Fragmented Episode 43

Fragmented podcast logo

I’m super excited to share that I was on the Fragmented Podcast again, this time for their Google I/O special.  Kaushik interviewed several amazing Android developers over the course of two podcasts, and I am honored to be listed next them.

The first I/O episode is here, and the second episode (which I am on) is here.


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Google I/O 2016

Me in front of the giant I/O sign

I just got back from a FANTASTIC week in Mountain View for Google I/O 2016! It was my 3rd I/O (I went in 2015 and 2014), and I think it was my favorite. I was skeptical about getting sunburned in the outdoor venue, but my long sleeves did the trick and overall the content was amazing this year and the PEOPLE were fantastic. It was so amazing to meet so many people in real life that I’ve known online only, and to reunite with so many friends from around the world.

I literally kicked off the conference by scootering about 2 miles from my AirBnB to the venue to pick up my badge on Tuesday afternoon.  I brought the scooter because I thought traffic would be unimaginable during the conference.  It turned out there was hardly any traffic at all, so I ended up ditching my scooter after Day 1. Oh well!

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Posted in Android, Conferences | 1 Comment

Fragmented Episode 40

Fragmented podcast logo

I am very excited to share that I was on Episode 40 of Fragmented! Fragmented is an excellent podcast run by Kaushik Gopal and Donn Felker, two amazing Android developers. They interview other Android developers and chat about everything Android. I also really love their ‘mini podcasts’ where they spend a few minutes discussing an item from Joshua Bloch’s Effective Java. I’ve learned so much listening to this podcast, and you should definitely check it out. I had a fantastic time chatting with them, and was very honored to be invited on the podcast. Thank you!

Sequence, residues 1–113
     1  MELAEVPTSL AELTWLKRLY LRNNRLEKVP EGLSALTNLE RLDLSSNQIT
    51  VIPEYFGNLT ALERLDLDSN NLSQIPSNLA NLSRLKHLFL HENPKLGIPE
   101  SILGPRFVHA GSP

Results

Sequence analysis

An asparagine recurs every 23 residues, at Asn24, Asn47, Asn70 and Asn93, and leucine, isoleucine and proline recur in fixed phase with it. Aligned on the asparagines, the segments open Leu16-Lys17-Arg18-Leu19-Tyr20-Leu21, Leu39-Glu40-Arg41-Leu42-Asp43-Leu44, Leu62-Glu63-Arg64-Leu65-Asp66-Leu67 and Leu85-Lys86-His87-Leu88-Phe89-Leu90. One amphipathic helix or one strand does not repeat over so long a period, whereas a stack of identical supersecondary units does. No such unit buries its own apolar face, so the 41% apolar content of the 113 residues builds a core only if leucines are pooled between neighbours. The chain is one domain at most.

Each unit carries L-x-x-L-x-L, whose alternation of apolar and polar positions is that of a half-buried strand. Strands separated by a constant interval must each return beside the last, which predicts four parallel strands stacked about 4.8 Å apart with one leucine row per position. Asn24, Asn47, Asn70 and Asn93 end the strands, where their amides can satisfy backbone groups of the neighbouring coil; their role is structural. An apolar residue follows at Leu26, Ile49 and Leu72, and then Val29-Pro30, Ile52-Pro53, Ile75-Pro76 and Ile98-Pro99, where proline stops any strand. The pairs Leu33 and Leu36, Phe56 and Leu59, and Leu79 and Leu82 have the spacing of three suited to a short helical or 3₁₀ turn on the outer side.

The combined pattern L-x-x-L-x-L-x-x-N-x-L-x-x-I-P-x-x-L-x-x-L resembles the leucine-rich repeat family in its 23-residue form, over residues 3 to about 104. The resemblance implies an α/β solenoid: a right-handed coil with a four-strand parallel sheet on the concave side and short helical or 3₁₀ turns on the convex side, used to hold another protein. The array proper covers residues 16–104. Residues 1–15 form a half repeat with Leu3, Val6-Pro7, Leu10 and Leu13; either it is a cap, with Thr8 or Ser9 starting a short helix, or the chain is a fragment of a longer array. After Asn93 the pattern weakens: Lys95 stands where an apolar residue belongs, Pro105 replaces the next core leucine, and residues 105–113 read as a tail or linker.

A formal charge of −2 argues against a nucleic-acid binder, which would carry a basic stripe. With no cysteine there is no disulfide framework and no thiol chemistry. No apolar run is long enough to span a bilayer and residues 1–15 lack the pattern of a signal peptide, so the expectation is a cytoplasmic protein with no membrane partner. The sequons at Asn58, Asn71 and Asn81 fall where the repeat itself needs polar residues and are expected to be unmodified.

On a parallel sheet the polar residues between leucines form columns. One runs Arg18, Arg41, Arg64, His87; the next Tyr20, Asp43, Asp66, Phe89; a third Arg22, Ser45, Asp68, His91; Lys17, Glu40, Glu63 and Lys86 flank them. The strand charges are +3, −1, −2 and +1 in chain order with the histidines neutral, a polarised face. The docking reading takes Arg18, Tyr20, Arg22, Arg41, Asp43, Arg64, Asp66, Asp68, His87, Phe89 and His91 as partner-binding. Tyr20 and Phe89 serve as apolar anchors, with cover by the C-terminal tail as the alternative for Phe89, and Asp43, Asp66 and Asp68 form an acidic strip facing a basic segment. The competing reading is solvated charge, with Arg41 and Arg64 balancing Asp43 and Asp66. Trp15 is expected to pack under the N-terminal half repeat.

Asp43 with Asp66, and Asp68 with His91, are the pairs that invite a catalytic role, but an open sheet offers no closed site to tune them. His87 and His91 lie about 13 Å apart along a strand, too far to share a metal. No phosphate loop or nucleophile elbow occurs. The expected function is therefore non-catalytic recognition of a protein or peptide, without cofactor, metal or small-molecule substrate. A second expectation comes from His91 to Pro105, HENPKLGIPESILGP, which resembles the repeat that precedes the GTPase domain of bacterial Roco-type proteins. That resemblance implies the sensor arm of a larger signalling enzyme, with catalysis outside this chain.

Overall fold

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Droidcon Italy

Cardboard cutout of android robot on vespa

In April I had the extreme honor of speaking at Droidcon Italy, in the beautiful city of Torino!  It was fantastic to see old developer friends I’ve met at other European conferences, and meet several new ones.  I’ve also now officially accomplished one of my five goals for 2016, by speaking in a new international city!

The Conference

The conference was held at the Lingotto Conference center, which is a famous former Fiat factory with a RACETRACK on the roof! Despite this funny tweet, I was really excited to give my talk on the first day of the conference!

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Posted in Android, Conferences | 1 Comment

Accessibility Testing on Android

thoughtbot robot logo

I published a blog post today on the thougbot technical blog about four simple ways you can test your Android app’s accessibility.

Check it out over here!

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New Page: Reading

page from a book

During my Denver Business Journal 40 Under 40 interview, I was asked what I would have been voted “Most Likely to be… ” during my senior year of high school. My answer?

“Most likely to have my nose in a book!”

It was true then, and its true now. Since the interview, many people have asked me for book recommendations, so I thought I’d keep track of my favorite books on my site.  If I read a dud, I’m not going to include it in the list 🙂